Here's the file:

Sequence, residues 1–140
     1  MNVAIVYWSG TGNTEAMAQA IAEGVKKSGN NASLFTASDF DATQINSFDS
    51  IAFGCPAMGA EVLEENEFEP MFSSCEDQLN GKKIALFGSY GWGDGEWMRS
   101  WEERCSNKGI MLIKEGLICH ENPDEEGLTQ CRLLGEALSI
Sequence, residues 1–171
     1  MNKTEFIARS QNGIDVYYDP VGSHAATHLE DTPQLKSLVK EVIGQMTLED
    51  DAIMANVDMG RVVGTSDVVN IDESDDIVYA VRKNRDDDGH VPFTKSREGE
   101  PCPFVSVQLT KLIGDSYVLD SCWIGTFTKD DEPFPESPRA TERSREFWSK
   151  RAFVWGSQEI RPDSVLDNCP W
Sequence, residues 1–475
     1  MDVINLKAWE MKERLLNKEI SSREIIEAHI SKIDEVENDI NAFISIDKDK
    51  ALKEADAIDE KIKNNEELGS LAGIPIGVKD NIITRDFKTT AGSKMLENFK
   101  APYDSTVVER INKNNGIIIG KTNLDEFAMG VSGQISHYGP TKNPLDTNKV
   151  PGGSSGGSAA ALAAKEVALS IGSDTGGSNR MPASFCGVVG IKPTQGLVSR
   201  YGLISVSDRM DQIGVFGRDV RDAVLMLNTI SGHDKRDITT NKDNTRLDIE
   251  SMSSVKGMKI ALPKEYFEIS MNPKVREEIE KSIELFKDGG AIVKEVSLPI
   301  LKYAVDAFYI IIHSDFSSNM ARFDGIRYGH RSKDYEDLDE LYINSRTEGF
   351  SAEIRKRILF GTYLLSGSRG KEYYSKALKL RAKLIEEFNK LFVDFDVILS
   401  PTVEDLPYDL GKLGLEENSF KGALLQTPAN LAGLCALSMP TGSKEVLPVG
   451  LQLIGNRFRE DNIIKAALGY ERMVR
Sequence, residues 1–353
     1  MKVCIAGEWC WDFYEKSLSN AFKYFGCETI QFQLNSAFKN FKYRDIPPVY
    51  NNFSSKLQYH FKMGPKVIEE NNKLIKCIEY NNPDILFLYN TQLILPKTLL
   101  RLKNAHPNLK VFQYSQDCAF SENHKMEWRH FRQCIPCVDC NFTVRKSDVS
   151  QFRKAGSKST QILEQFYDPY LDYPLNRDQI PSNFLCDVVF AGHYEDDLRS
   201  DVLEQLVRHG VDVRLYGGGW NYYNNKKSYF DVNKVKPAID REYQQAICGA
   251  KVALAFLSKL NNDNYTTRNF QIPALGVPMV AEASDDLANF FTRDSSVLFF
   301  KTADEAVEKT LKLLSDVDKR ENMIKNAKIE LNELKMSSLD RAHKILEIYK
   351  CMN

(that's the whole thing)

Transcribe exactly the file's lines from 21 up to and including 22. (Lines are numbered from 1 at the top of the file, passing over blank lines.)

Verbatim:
Sequence, residues 1–353
     1  MKVCIAGEWC WDFYEKSLSN AFKYFGCETI QFQLNSAFKN FKYRDIPPVY